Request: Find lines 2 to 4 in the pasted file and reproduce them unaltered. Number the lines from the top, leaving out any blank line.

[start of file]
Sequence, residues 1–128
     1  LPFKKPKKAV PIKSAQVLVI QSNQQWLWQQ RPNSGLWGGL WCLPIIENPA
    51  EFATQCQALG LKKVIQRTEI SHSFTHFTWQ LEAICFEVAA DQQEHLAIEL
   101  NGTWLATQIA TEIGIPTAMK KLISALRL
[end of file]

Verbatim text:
     1  LPFKKPKKAV PIKSAQVLVI QSNQQWLWQQ RPNSGLWGGL WCLPIIENPA
    51  EFATQCQALG LKKVIQRTEI SHSFTHFTWQ LEAICFEVAA DQQEHLAIEL
   101  NGTWLATQIA TEIGIPTAMK KLISALRL